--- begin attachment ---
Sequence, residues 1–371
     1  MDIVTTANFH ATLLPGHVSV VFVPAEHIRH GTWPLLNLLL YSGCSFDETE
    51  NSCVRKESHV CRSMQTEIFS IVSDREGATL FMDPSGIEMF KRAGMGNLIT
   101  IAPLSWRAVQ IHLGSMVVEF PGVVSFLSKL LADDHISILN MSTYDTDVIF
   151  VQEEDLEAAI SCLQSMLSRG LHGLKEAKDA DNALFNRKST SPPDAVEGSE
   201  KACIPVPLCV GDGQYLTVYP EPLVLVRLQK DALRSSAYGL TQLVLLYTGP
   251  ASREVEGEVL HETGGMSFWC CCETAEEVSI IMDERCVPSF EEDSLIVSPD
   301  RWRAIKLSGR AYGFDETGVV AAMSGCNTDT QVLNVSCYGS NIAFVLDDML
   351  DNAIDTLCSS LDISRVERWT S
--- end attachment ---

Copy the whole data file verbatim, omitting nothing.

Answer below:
Sequence, residues 1–371
     1  MDIVTTANFH ATLLPGHVSV VFVPAEHIRH GTWPLLNLLL YSGCSFDETE
    51  NSCVRKESHV CRSMQTEIFS IVSDREGATL FMDPSGIEMF KRAGMGNLIT
   101  IAPLSWRAVQ IHLGSMVVEF PGVVSFLSKL LADDHISILN MSTYDTDVIF
   151  VQEEDLEAAI SCLQSMLSRG LHGLKEAKDA DNALFNRKST SPPDAVEGSE
   201  KACIPVPLCV GDGQYLTVYP EPLVLVRLQK DALRSSAYGL TQLVLLYTGP
   251  ASREVEGEVL HETGGMSFWC CCETAEEVSI IMDERCVPSF EEDSLIVSPD
   301  RWRAIKLSGR AYGFDETGVV AAMSGCNTDT QVLNVSCYGS NIAFVLDDML
   351  DNAIDTLCSS LDISRVERWT S